The Rudeness of Austerity

November 21, 2016


The recently-concluded fall legislative session provided a great clarity of contrast between the McNeil Liberals and the vision we in the NDP are putting forward.

On the Liberals’ side, the session’s resonant note was one of rudeness.

Rudeness to teachers. Virtually every day in the House, and then again to reporters, the Premier repeated his well-rehearsed lines about teachers, casting aspersions on the work ethic of the profession.

Insults to nursing homes. After six months, numerous of our requests in the Legislature and a Freedom of Information application, the Liberals finally disclosed the full extent of their cuts to long-term care. They then dispatched the Deputy Minister of Health to the Public Accounts Committee, where he described the cuts as an “opportunity” for nursing homes to discover how to be more efficient.

Contempt towards First Nations. In the current Supreme Court of Nova Scotia case on the adequacy of the government’s consultation with the Sipekne’katik Band over Alton Gas, the Liberals presented this position: “The Band’s submission [to the British] in 1760 negates a claim of sovereignty, and therefore negates a constitutional duty of consultation.” Naomi Metallic, Chair of Aboriginal Law and Policy at Dalhousie, has rightly summarized this triumphalist view as “crap.”

Our Party’s legislative proposals this fall have pointed in a differing direction.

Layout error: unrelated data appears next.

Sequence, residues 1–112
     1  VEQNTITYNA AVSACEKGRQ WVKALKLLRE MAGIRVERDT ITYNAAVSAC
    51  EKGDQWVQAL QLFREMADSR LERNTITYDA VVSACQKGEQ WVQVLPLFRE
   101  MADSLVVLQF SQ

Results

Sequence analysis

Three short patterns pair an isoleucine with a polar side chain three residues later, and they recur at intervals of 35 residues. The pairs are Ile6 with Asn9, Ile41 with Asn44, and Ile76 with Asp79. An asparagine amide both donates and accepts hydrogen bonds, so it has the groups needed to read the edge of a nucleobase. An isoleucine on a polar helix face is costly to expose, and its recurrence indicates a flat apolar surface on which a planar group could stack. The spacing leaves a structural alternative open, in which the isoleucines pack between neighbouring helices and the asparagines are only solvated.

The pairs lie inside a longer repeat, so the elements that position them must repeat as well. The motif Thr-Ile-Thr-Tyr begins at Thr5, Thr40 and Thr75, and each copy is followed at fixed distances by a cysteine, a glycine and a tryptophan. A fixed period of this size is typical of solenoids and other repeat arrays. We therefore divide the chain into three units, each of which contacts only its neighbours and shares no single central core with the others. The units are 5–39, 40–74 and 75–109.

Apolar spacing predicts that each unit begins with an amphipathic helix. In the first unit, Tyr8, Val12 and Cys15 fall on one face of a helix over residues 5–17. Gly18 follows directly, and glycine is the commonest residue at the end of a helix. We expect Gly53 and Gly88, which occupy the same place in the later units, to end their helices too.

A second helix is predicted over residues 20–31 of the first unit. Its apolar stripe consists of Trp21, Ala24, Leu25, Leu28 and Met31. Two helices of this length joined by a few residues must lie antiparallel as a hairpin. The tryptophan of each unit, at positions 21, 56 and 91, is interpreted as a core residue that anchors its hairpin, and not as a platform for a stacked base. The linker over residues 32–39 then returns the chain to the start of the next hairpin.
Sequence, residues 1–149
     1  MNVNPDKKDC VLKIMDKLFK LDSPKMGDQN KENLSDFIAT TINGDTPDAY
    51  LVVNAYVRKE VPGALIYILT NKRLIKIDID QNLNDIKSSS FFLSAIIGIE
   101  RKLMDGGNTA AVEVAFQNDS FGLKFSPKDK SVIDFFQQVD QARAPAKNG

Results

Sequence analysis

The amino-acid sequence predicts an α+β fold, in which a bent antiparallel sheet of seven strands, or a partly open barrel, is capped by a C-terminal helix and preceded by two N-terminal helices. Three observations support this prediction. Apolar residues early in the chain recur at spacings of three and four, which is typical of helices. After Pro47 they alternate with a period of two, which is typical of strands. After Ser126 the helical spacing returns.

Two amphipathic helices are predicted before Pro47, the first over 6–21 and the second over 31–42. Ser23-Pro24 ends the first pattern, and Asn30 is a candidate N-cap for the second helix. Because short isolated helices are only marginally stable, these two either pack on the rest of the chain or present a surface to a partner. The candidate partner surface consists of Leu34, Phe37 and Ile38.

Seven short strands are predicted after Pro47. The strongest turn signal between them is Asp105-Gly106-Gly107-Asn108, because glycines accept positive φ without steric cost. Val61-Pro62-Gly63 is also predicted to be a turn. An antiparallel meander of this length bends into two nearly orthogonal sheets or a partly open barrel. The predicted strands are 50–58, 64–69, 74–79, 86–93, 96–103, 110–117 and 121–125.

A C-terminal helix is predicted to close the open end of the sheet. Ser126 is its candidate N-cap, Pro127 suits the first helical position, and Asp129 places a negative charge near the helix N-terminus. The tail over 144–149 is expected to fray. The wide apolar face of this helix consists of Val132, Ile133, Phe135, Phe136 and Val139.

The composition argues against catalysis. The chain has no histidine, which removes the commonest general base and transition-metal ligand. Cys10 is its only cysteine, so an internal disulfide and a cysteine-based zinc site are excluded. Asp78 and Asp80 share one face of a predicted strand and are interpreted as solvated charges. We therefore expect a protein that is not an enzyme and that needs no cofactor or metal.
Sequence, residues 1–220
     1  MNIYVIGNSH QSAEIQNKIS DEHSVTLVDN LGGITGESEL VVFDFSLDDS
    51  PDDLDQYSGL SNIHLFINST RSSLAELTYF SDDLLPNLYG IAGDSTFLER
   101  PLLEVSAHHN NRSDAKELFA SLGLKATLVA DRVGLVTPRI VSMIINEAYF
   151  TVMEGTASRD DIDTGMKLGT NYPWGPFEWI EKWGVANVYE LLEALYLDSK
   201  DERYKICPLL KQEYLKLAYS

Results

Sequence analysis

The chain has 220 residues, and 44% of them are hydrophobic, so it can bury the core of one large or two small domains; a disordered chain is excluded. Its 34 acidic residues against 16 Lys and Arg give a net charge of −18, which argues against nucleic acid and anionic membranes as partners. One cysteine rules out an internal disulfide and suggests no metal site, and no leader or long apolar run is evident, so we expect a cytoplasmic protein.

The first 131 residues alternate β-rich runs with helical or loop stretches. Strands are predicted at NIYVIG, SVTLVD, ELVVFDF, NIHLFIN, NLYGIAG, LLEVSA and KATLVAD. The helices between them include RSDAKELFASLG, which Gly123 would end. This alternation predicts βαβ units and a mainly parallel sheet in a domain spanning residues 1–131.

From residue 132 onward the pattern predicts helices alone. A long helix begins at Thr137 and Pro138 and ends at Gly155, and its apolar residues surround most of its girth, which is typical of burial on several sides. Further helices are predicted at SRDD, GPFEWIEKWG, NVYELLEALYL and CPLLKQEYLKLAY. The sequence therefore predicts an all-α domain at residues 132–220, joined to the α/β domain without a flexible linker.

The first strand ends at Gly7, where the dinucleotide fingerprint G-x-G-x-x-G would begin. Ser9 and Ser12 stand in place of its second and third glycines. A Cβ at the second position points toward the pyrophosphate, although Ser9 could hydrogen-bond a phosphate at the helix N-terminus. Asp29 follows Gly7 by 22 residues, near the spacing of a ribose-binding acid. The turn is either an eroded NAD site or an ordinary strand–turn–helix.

Proposals like our bill to eliminate tuition for community college students, on the grounds that it’s time for the first extension of the public education system since it was last extended, in the l890s, to include Grade 12.

Proposals like our bill to ensure the implementation of all the Truth and Reconciliation Calls to Action that fall within provincial jurisdiction.

Proposals like our legislation to amend the Human Rights Code to include the right to adequate food, shelter and health care. It’s a proposal worth underlining in light of Food Banks Canada’s report last week that food bank use is up 20% this year in Nova Scotia, the largest single increase of any province in the country.

The contrast couldn’t be much clearer: Nova Scotia needs to move from the rudeness of austerity to the promise of investment in our future.

In solidarity and hope,